Today Sesquiotica reached 100,000 page views since its inception a bit under 4 years ago. A hundred thousand? Ten myriads? That’s a lot, isn’t it? No… that’s a lakh.

Well, such is my lakh in life, allakhated perhaps by Lakhesis. Or perhaps chalk it up to good lakh, nothing inelakhtable. I find I have no lakh of readers – true, since many readers account for rather more than one page view each. But I would not call this a lakhluster performance. I would certainly rather have lakhs than bagels! Let’s lakh this in: if each page view were a cube of water 90 metres on a side, I would have enough water to fill Lakh Lomond. Had I a square kilometre for each view, I would have more land than there is in Ladakh. Surely this calls for a celebratory drop of lakher – no lakhtose tonight, but I won’t get shellakhed. The greater intoxication is from all these delakhtable words!

But do you know this word? Do you lakh it, with its lush lick to start with and its hard gravel landing at the back? Are you familiar with its common collakhations? It’s used often enough in Indian English – not just in its literal sense of “100,000” (giving it a base 10 lakharithm of 5) but in the plural in the same sort of general use as one might see for myriads and millions: “I have lakhs of rupees. I am a very rich man.” “I can give you lakhs of reasons to read this.” (You may feel justifiably relakhtant to embrace some of these assertions…)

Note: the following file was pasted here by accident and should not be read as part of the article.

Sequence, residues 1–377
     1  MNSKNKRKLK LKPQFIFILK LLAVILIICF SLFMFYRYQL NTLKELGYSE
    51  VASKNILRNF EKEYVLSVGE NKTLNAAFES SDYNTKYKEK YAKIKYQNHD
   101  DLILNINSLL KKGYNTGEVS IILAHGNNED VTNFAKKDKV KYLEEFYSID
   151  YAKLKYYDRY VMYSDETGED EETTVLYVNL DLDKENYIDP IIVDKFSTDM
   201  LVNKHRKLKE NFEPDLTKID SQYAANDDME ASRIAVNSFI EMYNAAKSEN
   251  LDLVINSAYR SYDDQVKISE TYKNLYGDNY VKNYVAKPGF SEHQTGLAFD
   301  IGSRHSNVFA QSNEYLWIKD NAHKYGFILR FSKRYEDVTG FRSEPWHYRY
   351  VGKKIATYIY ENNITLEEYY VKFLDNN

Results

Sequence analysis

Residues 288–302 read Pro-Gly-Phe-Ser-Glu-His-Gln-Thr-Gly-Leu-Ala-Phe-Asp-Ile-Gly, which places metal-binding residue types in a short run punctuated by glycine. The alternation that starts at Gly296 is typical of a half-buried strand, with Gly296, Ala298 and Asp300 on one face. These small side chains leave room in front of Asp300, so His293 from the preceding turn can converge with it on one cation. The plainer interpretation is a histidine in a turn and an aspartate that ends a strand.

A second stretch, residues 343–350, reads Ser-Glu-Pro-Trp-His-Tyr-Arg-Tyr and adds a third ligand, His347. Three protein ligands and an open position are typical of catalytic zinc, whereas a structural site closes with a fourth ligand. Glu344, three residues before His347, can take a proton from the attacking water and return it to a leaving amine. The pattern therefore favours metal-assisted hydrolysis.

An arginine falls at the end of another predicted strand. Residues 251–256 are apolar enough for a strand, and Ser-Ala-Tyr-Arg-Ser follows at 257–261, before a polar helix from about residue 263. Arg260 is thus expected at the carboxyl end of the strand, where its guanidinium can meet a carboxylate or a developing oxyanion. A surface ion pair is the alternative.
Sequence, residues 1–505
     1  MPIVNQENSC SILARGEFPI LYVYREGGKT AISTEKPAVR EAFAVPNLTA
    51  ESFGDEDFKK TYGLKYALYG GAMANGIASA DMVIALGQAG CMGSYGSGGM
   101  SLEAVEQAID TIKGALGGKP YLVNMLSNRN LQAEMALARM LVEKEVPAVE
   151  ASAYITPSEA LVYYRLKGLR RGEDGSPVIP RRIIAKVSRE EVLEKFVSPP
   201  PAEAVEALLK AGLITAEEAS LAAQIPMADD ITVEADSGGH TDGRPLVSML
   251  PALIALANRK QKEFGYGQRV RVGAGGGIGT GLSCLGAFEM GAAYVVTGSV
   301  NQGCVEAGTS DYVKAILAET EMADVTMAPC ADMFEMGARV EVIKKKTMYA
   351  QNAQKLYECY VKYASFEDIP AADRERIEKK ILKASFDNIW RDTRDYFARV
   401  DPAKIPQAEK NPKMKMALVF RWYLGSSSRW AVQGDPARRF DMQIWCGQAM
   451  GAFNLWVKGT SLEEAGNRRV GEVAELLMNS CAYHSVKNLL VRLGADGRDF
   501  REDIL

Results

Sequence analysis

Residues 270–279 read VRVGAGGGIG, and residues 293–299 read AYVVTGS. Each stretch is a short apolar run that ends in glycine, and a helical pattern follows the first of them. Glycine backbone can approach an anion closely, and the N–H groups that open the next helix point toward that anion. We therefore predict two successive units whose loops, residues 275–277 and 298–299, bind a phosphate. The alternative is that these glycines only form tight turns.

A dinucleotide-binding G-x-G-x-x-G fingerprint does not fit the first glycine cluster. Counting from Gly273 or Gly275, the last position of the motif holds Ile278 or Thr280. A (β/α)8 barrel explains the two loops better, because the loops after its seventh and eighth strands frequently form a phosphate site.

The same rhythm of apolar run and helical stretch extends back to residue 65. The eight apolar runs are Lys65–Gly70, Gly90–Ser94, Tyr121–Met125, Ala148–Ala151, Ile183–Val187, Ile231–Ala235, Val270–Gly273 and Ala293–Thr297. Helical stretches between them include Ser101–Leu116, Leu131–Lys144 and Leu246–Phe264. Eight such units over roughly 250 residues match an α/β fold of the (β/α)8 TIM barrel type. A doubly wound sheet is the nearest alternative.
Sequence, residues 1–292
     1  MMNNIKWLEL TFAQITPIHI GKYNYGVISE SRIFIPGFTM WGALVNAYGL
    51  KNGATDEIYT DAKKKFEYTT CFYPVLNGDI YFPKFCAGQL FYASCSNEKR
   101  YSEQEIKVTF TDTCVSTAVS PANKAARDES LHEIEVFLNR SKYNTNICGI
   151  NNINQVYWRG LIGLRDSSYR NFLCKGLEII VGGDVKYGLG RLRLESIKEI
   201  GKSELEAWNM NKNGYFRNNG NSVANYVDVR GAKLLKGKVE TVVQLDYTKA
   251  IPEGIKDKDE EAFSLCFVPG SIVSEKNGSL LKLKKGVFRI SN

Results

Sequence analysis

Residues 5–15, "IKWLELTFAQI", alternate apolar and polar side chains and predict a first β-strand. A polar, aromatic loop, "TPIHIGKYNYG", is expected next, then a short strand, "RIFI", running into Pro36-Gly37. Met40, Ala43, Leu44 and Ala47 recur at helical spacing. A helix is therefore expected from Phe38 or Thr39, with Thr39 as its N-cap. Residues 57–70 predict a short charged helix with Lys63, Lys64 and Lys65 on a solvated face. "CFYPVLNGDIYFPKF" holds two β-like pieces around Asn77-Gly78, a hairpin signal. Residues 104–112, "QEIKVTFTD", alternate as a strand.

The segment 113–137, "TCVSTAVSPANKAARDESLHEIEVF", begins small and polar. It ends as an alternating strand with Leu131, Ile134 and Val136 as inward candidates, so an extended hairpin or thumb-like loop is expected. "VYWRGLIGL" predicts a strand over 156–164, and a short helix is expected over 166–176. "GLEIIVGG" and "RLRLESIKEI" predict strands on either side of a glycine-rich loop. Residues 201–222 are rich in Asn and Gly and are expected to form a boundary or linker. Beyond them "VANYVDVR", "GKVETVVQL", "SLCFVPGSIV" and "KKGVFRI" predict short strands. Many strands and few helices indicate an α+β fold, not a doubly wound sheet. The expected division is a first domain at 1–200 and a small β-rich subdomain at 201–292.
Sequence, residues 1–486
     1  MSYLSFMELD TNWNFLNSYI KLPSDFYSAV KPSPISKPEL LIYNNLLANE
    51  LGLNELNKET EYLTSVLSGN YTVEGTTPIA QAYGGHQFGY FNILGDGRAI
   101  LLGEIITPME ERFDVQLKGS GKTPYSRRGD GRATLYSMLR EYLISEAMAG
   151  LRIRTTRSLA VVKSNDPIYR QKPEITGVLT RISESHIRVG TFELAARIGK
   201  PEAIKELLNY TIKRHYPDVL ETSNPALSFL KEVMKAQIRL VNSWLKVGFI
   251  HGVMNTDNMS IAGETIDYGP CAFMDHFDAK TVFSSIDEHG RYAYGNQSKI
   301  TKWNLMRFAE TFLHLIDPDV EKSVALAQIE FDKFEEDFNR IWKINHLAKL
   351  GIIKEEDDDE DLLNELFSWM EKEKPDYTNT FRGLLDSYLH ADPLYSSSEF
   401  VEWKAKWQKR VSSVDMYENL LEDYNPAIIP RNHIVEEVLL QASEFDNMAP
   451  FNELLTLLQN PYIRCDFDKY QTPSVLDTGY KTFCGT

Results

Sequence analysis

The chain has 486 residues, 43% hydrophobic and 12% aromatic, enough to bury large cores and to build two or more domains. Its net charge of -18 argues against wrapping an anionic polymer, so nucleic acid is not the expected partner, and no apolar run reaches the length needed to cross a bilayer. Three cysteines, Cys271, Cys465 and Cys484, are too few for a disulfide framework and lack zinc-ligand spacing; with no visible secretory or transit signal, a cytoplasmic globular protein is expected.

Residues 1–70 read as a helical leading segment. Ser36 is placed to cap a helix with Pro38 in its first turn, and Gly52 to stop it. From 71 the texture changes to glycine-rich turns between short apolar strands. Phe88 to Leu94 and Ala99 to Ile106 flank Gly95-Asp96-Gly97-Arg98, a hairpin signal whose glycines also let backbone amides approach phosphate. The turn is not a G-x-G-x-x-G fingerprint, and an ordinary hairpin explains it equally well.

The word lakh, which can be pronounced (in English) with the vowel of lock or that of lack, comes from Hindustani, which got it in turn from Sanskrit laksha “sign” (noun). Why have a single word for 100,000? It’s the South Asian numbering system: 100,000 is a lakh; 100,00,000 (yes, that’s right, 100,00,000) is a crore; 100,000,00,00,000 is a lakh crore (we’d call it a trillion – we being North Americans; some Europeans would call it a billion); and so it goes, stacking encores of crores and lakhs on crores, the zeroes in a 2,2,3 pattern all the way. (And never mind millionaires; in India, a rich person is a crorepati – someone who has a net worth of a crore or more of rupees.)

But I probably won’t reach a crore of page views. At my current rate, I may well reach a million before I turn 80. As long as I don’t get too lakhs about my writing.

4 responses to “lakh

  1. Congratulations James 🙂

  2. You’re a lakhy fella. You always leave ’em lakhin’.

  3. Congrats on 100,000 views, here’s lakhing at you kid!

  4. Pingback: swim | Sesquiotica

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